Batteries and monitoring
Standby (stationary) battery systems: these systems are everywhere that the maintenance of mains power is critical. The number of cells or monoblocs (blocs) can vary, typically between 4 x 12 volt blocs in a 48 volt battery to perhaps 200 – plus cells in series for a 480 volt battery.
Very large systems can have several thousand 2 volt cells in a series-parallel arrangement, to give the necessary voltage and current delivery for the system. Because these batteries are essential to maintain the flow of power to a critical load, it is necessary to know that they will always deliver the power when called upon to do so.
How do we know if the battery is healthy
Battery testing for reliability: the gold standard for testing the capability of a standby battery is to discharge into a known load. Unfortunately this can be expensive and disruptive and is true only for the day of testing. Since these tests are generally carried out only once in 12 to 24 months, during the rest of the time the battery can fail without any prior indication.
Standard battery monitoring systems
Non-invasive test methods: the user needs to know every day that the battery can respond instantly to a loss of mains power. Therefore non-invasive test and monitoring methods have evolved to monitor these battery systems. Standard BMS’ monitor cell or bloc voltages, internal cell electrical resistance and sometimes, not always, cell temperatures. While these parameters can indicate advanced deterioration, they can’t be relied on to give an early enough indication of potential failure to avoid serious risk.
The Vigilant stationary battery monitor
A state of the art stationary battery monitoring system offering the most comprehensive monitoring and analysis solution in the market today.
In addition to measuring all the standard parameters, the Vigilant Expert system measures additional elements not available in standard systems. These elements, analysed with Machine Learning (ML) algorithms and Artificial Machine Intelligence (AMI), give predictive estimates of Cell Deterioration (CDe) and battery State of Health (SoH).
The web server system manager can monitor and control up to 240 individual sensors via an isolated serial comms bus, and takes no power from the cells or monoblocs, other than a test pulse of less than a second once per day.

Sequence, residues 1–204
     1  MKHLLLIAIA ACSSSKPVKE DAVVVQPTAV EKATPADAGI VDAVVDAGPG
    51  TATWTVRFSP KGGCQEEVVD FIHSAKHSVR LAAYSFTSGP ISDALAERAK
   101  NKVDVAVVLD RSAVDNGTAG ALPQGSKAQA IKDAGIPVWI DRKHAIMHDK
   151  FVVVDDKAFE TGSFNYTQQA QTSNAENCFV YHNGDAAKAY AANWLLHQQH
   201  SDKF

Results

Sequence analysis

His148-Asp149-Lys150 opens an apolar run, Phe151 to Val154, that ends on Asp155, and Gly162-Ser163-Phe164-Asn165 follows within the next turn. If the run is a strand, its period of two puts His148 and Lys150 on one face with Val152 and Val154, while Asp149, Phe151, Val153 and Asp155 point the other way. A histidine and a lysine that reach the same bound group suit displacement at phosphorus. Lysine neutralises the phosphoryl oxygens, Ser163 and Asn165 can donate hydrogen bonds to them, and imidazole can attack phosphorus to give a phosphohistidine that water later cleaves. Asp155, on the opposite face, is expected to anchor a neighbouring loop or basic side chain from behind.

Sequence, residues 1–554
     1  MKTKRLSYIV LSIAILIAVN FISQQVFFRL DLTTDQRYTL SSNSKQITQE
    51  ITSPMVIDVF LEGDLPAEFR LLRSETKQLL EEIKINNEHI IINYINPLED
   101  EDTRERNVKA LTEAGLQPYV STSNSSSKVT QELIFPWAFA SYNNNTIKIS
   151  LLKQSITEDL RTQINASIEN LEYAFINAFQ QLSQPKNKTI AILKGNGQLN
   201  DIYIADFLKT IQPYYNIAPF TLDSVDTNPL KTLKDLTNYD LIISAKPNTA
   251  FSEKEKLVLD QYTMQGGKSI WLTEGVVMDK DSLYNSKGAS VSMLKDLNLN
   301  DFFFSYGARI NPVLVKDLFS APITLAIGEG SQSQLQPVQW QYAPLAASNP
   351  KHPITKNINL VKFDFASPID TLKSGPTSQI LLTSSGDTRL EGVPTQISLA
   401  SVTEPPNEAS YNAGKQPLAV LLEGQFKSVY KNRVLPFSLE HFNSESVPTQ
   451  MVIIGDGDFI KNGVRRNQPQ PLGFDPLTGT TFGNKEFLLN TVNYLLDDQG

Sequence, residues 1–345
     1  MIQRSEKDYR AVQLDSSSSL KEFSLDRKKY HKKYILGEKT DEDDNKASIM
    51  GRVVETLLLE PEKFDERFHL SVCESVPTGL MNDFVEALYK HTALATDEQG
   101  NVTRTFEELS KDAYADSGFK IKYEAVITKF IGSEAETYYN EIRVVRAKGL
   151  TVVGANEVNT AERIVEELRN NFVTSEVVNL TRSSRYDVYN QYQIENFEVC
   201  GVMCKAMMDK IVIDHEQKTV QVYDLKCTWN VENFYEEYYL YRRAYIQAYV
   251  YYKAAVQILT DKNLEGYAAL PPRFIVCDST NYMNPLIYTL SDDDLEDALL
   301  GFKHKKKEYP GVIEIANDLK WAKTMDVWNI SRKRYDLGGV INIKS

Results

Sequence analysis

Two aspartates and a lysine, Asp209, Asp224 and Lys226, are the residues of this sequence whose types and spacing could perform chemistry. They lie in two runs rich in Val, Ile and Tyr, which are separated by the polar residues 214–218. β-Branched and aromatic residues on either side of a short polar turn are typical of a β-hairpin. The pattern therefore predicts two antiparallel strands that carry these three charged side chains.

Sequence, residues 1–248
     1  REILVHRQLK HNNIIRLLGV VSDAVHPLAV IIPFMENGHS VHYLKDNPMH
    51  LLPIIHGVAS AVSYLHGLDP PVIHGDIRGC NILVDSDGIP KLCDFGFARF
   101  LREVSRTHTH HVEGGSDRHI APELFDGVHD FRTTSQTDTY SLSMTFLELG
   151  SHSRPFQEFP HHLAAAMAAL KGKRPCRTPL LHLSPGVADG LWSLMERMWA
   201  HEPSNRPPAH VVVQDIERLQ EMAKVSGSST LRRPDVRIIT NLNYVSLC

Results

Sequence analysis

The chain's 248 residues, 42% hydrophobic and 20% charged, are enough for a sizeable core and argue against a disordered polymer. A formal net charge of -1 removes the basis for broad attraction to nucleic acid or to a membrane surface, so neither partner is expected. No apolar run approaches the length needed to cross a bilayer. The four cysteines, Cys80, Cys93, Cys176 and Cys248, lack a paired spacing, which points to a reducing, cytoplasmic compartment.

Monitors and measures as standard
- terminal voltages
- internal resistances
- post temperatures
- ripple voltages
- System voltage
- Interconnection resistances
- Ambient temperature
- Float current
- Charge & discharge currents
- Discharge recording
- Battery earth fault detection
- Electrolyte level sensing (optional)
View and download data from anywhere in the world, or within your Intranet
- All relevant data can be accessed from anywhere in the world, or secured behind your company firewall, accessed only from your intranet. The onboard webserver can be viewed from any point on a network via a PC or handheld device.
- The Vigilant system has an onboard memory of 256 Gb, more than sufficient for 20 years data for 240 cells, at average daily rates.
- Float current, charge and discharge currents are measured as standard, and user defined alarm points are provided, allowing the system to be tailored to the user’s specific requirements.
No depressed cells
In batteries where the sensor is connected across one or more cells or monoblocs, a sensor that takes more, or less, current than its neighbours can alter the voltage in those cell or cells. The graph is of an in-service battery where the monitor module is attached to 4 cells, some modules are taking less power than others and some take more. The lower voltage cells are likely to die prematurely of sulfation, those that have a higher voltage are vulnerable to positive plate corrosion.
Unlike other distributed systems Vigilant sensors are supplied via the serial comms link and do not take their power supply from the individual cells, thus avoiding cells with depressed terminal voltages.
Report generation at the touch of a button, in standard or NERC (North American Electric Reliability Corporation) compliant format. You can download an example here.